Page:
#8. Tackle Debt.

Do you have a lot of debt? Take stock of your outstanding debts and prioritize repayment. If you can, consolidate or refinance high-interest debts for better terms. Develop a plan to systematically pay down debts in 2024, starting with high-interest obligations. If you need help, we have free one-on-one financial counseling to help set you on the right path.

#9. Evaluate Your Investment Portfolio.

Before 2024, take a moment to review the performance of your investment portfolio and (potentially) diversify your investments to manage risk effectively. If necessary, rebalance your portfolio to align with your long-term financial objectives.

#10. Reassess Your Insurance Coverage.

If it has been a while since you changed your home, life, or auto insurance, we’ve got bad news. You may not be getting the best deal. Insurance carriers tend to thrive on customer complacency, so if you aren’t regularly shopping around for better rates (particularly car insurance rates), you may be underinsured or paying too much. Experts recommend re-evaluating your auto insurance options every six to 12 months and home insurance once per year—especially if you move, get married, or have other big life moments. You don’t have to leave your current carrier and you don’t even have to wait until your current policy runs out. Just ask your current carrier or one of the Maps insurance agents to reassess your rates. Also, if you aren’t already doing so, consider bundling your policies for potential cost savings. (And while you are at it, be sure to update beneficiaries and their contact information.)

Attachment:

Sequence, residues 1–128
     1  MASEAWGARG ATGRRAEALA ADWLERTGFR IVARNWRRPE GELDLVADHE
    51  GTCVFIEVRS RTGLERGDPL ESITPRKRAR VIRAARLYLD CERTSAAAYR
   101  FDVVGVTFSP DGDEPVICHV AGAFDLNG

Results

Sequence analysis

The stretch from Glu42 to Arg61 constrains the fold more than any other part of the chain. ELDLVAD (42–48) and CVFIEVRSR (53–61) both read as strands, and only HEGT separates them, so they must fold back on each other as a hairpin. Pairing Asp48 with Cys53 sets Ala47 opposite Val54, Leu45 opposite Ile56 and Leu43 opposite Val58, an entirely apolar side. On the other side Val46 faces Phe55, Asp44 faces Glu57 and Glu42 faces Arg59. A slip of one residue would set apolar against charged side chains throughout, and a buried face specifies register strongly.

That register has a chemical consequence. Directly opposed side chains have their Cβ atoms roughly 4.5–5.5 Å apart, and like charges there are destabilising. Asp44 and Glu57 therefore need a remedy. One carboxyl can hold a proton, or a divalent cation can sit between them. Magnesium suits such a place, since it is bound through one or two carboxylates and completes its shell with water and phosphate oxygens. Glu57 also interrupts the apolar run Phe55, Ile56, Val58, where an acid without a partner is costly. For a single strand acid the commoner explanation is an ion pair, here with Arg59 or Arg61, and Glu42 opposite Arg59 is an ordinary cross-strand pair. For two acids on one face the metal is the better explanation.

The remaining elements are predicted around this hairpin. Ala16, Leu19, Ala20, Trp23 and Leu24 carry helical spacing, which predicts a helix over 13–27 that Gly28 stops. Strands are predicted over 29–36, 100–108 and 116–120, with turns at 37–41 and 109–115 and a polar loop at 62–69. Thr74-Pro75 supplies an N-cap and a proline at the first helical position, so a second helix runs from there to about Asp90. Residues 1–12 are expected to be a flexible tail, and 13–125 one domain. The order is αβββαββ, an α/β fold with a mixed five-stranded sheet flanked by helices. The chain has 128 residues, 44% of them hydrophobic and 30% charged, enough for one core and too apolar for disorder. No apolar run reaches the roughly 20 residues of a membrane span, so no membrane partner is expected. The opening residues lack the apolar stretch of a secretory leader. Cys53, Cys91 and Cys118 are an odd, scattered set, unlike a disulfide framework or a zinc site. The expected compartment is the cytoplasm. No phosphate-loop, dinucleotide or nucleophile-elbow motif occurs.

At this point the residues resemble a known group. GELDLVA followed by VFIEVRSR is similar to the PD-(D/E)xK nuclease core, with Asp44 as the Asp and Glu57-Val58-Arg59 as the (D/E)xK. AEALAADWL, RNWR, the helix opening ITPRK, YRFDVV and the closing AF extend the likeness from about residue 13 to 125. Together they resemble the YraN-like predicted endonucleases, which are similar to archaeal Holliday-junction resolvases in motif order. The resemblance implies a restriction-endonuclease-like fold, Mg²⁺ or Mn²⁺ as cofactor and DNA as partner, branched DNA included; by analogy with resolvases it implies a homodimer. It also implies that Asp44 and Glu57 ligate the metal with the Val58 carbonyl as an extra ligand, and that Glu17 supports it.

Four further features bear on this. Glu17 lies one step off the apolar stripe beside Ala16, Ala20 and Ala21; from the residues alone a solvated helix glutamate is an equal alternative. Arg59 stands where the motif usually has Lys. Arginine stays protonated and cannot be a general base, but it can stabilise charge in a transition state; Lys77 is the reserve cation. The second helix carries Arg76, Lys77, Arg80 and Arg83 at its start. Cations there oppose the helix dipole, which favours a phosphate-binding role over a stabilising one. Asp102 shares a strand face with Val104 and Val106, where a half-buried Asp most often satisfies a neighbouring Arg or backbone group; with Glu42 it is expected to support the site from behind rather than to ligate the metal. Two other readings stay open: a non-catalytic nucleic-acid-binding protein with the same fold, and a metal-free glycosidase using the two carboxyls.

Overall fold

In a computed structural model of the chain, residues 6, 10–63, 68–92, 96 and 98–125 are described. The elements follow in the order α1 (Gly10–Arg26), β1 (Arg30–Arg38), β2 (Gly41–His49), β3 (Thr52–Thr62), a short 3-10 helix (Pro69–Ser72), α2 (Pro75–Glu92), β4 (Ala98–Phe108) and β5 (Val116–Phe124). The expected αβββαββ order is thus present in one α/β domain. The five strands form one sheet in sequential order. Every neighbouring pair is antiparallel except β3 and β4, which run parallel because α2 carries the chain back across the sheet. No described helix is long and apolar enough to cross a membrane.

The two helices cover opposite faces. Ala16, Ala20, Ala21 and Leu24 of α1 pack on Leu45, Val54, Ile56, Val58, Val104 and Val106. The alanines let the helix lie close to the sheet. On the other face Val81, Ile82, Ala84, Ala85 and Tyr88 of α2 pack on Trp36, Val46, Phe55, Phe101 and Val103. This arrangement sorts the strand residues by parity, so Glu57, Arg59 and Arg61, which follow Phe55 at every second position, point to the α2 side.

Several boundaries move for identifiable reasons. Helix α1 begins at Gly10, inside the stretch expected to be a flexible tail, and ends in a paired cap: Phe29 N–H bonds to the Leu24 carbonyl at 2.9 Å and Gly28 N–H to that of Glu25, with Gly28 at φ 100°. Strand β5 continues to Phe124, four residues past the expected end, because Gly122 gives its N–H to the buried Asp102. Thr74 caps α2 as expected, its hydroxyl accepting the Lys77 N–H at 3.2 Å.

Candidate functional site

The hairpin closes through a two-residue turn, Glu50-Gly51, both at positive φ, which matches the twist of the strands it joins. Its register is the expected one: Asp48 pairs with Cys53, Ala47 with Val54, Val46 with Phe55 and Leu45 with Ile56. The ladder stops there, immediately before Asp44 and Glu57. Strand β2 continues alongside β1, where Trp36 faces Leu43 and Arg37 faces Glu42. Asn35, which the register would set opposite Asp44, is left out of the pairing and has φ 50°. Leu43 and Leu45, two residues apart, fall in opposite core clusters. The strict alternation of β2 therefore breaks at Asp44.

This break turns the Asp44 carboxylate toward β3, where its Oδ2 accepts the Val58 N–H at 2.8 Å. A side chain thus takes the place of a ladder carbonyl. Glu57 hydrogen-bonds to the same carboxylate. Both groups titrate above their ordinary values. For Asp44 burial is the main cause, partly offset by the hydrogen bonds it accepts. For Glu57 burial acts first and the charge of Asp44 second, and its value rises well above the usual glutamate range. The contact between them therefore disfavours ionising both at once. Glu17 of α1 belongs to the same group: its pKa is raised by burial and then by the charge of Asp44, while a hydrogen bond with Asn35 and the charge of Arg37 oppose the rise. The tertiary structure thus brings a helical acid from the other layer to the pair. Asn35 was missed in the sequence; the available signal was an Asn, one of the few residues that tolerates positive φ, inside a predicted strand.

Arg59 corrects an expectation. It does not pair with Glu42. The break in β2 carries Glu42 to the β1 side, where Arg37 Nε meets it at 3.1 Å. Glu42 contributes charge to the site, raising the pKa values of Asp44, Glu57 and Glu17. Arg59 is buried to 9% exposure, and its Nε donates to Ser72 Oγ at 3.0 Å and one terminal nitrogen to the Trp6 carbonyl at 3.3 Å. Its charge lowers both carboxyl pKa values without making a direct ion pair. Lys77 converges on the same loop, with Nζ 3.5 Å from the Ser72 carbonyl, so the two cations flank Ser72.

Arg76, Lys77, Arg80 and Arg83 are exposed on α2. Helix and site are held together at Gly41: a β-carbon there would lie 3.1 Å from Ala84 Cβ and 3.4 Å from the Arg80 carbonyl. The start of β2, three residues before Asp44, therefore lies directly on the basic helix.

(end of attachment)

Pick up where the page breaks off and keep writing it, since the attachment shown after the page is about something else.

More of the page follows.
#11. Solidify Your Estate Planning.

Once a year, it’s wise to ensure your will, trust, and other estate planning documents are up to date. If you don’t already have a will, trust, or estate plan, start the process of creating one. If necessary, consult with an estate planning attorney for comprehensive guidance. Then once your legal paperwork is complete, take a moment to review and update the beneficiary designations on your bank accounts.

#12. Evaluate Education Savings.

Do you or your children have upcoming education expenses (such as tuition and books)? Manage the hefty sum with a tax-advantaged strategy like a state-based 529 college savings plan. In Oregon, you can contribute to your Oregon College Savings Plan until your account balance is $310,000 or higher (per beneficiary for the life of the plan). If you do, there are tax benefits. By investing in a 529 plan, you can deduct up to $2,225 on your Oregon state income taxes for single filer and $4,455 for married filers.

#13. Make Charitable Donations.

If you want to claim a charitable donation on your 2023 tax return, be sure to make your donations before December 31, 2023. In general, you can deduct up to 60% of your adjusted gross income through charitable donations (with some limitations). So, keep track of your tax-deductible donations, no matter the amount.

This year-end financial checklist is a proactive step towards securing your financial future. By addressing these key areas, you can enhance your financial well-being, minimize risks, and position yourself for success in the coming year. If you need help budgeting, investing, or protecting yourself and your assets, let us know. We are happy to provide personalized insights and guidance to help you meet your financial (and personal) goals. After all, if you prioritize your financial health now, that effort will pay dividends in the years to come.